Hydrogen panel maker Solhyd is raising growth money

Last modified: 20 February 2024 13:43
Up to 6 million euros in seed capital for golden hydrogen from Solhyd, a spin-off of KU Leuven.

Solhyd, known for its hydrogen panels that produce renewable hydrogen directly from air and solar energy, is raising seed capital from a number of leading entrepreneurs.

The consortium of investors is committed to pumping up to 6 million euros into the company in the coming years. A first tranche of 2 million euros in starting capital will be put on the table on February 7, 2024. The money will be used to further optimize the basic technology in this phase of the company and roll it out to pilot applications. There is a lot of potential for this technology, which produces renewable hydrogen without the need for a power grid or liquid water, and without the use of rare materials.

The investors are Vansan Investments (the family office around the brickmaker Vandersanden), the Limburg entrepreneur Luc Thijs (ex-Alro), Keiretsu Ventures (ex-Key Technology) and Lieven Danneels (co-CEO Televic Group). In addition, the university’s own Gemma Frisius seed capital fund is also getting involved.

“As investors, we are very pleased to have been selected by the Solhyd team to invest and provide our knowledge and skills to take the company to the next level”, adds Frank Zwerts (Keiretsu Ventures). “We are pleased that research of this scale of deep tech can also be given opportunities in Flanders. If we succeed in making Solhyd technology scalable, we will have been able to support a major latent player in the rapidly growing green energy market.”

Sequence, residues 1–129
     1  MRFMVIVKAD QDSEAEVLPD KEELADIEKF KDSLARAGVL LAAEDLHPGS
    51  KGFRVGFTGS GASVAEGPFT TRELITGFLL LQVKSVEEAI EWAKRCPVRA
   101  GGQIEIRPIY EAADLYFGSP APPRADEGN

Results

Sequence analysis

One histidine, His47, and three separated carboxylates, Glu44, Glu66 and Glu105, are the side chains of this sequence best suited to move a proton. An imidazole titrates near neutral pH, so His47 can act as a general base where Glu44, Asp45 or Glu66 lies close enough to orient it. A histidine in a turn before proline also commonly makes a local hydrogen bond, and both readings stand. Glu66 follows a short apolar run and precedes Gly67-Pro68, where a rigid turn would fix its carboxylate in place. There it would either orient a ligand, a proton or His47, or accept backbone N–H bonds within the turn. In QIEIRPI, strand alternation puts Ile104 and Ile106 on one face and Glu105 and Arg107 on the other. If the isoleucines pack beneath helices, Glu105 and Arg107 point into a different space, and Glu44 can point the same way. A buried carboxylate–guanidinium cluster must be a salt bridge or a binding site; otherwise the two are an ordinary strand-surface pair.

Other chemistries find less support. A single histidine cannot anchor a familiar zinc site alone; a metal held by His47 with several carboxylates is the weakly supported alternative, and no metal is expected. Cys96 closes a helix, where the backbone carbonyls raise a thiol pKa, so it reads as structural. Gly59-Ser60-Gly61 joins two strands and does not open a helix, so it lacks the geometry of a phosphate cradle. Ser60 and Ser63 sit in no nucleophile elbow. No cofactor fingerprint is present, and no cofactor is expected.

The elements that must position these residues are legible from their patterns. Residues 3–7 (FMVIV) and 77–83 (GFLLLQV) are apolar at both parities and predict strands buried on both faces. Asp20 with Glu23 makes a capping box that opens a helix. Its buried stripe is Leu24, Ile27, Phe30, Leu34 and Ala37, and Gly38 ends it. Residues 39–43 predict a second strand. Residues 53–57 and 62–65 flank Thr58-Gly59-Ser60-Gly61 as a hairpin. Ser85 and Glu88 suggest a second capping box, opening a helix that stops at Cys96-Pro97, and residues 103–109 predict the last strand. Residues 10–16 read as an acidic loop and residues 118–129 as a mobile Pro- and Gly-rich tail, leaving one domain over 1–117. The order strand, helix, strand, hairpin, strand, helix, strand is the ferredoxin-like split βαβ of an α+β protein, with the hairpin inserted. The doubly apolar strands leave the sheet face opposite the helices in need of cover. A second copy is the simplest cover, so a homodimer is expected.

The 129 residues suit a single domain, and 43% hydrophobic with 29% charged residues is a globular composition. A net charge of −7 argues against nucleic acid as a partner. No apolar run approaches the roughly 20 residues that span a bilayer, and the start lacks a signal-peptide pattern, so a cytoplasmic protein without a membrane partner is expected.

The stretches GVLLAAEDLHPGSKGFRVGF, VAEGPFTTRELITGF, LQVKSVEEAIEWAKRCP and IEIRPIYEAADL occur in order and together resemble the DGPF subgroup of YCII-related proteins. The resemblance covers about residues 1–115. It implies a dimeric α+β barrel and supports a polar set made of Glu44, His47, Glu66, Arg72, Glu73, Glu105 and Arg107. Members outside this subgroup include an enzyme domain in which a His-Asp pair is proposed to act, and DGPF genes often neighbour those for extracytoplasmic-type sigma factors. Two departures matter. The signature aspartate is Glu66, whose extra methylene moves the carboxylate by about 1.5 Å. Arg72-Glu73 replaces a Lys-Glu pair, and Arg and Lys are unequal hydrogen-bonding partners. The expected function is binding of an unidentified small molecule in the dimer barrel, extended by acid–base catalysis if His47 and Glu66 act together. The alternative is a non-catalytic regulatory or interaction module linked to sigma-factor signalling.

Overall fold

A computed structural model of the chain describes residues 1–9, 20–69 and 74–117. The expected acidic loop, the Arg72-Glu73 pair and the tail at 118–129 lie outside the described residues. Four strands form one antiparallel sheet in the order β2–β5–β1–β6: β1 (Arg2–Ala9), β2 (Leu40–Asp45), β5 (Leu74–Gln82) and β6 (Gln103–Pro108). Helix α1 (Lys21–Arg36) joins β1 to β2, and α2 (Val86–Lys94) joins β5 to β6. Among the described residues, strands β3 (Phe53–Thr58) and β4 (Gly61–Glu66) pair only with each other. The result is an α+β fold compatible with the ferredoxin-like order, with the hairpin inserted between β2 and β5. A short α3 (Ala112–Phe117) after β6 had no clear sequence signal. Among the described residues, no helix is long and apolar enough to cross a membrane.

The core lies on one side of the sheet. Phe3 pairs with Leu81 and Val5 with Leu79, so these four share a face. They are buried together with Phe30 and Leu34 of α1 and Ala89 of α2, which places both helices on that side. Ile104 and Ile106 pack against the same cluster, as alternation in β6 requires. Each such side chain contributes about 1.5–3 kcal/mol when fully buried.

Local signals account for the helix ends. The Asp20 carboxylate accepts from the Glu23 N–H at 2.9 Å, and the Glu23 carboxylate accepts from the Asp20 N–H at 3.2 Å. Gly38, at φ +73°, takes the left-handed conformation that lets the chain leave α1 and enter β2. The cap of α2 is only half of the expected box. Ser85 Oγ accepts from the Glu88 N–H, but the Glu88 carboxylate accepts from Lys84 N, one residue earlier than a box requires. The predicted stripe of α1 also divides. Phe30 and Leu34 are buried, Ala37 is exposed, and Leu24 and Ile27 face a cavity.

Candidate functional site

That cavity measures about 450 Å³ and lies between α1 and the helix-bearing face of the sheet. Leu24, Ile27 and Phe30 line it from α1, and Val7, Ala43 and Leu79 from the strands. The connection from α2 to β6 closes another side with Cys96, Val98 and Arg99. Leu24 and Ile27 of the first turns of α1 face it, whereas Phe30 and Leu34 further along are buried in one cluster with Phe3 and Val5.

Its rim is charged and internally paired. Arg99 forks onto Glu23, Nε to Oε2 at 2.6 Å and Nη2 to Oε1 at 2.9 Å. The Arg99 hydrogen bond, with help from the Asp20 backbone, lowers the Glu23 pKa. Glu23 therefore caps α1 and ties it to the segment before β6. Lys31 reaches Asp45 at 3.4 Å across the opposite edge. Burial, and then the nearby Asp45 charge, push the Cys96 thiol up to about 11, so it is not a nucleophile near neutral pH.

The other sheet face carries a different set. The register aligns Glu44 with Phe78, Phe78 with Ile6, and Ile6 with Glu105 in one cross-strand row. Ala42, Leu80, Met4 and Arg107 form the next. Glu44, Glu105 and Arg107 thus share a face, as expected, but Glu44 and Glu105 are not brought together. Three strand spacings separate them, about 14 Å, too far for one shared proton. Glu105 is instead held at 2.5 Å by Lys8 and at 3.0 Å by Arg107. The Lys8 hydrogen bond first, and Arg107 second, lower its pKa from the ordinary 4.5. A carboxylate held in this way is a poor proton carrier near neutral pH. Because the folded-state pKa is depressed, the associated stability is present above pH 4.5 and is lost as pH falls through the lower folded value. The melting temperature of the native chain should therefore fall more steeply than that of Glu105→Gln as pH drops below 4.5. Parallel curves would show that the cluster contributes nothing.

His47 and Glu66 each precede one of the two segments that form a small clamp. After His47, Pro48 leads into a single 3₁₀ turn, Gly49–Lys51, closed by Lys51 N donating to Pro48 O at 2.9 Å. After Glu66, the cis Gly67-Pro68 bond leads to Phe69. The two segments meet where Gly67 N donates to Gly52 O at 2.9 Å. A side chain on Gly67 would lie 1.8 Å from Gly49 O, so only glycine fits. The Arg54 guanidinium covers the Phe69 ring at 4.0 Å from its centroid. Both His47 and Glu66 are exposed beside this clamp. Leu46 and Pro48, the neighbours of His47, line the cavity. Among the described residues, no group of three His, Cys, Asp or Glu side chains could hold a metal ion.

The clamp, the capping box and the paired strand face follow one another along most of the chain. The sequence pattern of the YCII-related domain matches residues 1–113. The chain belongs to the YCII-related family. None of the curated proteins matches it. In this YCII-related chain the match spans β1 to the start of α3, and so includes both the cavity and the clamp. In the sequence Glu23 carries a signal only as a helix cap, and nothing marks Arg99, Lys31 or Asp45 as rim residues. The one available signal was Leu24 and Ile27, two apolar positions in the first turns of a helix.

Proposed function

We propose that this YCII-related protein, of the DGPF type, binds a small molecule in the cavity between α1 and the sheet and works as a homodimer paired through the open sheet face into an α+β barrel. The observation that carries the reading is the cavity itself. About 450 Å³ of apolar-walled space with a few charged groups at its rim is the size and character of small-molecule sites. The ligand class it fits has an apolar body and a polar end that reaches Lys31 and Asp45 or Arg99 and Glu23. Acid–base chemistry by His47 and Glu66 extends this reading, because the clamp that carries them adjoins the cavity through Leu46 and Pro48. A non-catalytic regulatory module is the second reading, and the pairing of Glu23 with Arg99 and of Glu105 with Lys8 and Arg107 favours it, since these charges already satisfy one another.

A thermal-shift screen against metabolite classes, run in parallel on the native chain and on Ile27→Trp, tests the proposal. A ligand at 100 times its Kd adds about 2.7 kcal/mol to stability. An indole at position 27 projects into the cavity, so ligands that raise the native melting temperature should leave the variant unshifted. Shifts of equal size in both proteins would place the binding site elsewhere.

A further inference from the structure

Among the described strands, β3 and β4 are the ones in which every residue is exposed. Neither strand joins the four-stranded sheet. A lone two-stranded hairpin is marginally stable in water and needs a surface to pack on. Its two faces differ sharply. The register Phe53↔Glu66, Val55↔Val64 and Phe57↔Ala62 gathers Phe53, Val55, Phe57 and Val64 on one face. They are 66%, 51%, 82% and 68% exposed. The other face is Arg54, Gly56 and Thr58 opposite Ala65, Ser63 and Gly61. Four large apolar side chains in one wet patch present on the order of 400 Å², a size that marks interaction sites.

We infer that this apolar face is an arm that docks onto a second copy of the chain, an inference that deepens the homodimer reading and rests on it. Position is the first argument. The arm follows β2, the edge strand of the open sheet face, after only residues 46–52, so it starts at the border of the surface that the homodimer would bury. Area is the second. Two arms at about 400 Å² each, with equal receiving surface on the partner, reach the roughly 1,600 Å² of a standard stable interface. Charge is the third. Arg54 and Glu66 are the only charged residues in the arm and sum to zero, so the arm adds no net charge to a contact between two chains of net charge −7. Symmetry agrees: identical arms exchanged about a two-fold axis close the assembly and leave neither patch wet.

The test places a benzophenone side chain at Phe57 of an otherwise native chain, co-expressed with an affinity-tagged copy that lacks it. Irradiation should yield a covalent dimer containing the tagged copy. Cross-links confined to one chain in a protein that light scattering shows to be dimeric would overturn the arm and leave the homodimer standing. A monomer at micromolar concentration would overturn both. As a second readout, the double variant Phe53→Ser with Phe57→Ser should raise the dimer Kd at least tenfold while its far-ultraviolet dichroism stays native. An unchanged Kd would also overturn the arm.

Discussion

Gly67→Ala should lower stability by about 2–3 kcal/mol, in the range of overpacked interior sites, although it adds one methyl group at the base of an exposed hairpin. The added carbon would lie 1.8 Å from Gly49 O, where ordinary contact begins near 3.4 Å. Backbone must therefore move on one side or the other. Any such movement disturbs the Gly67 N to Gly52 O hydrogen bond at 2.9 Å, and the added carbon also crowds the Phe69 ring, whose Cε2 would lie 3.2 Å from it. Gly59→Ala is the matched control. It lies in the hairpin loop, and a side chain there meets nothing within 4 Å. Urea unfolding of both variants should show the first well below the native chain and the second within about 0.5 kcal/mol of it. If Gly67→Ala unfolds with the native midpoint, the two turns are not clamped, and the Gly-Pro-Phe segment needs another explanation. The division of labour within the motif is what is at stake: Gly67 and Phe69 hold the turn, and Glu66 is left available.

Potential of technology for production of renewable hydrogen
Hydrogen will play an important role in the future energy mix in the transition to a CO2-neutral society. If made from green energy, it is a renewable source of energy (‘green hydrogen’), which you can also easily store and transport. However, green electricity is scarce and still expensive, which is why hydrogen production is currently mainly based on natural gas (‘grey hydrogen’).

That is why Solhyd offers an alternative: ‘golden hydrogen’. “That is hydrogen made directly from what is available everywhere, light and air”, says Jan Rongé, CEO of the company.

As a spin-off from KU Leuven, Solhyd builds on the technology developed at the university. The Solhyd core technology was developed by Jan Rongé and Tom Bosserez, who completed a PhD under Professor Johan Martens. Together with their team, they have been working on the science behind this product for more than 10 years.

The intellectual property, knowledge and patents surrounding the core technology have now been contributed to the spin-off with the aim of further developing them within Solhyd.

“The Solhyd technology consists of cylinders that contain materials to remove moisture from the air and split it into hydrogen and oxygen by means of a membrane. Both the materials and the device were developed from the start to be robust and affordable, without the use of rare materials”, said Tom Bosserez, CTO of the company.

The technology has been demonstrated in hydrogen panels in recent years, demonstrating that the technology works well, even in a fickle climate like ours. The hydrogen panels can be used almost anywhere in the world.

Internationally, there is a lot of attention for Solhyd’s technology and its applications in a climate-neutral economy. Green hydrogen is an essential element in making sectors such as steel production and chemicals independent of oil and natural gas. But certain decentralized applications at SMEs can also benefit from this green fuel. The latest climate report and the recent climate summit have once again shown that things need to happen much faster.

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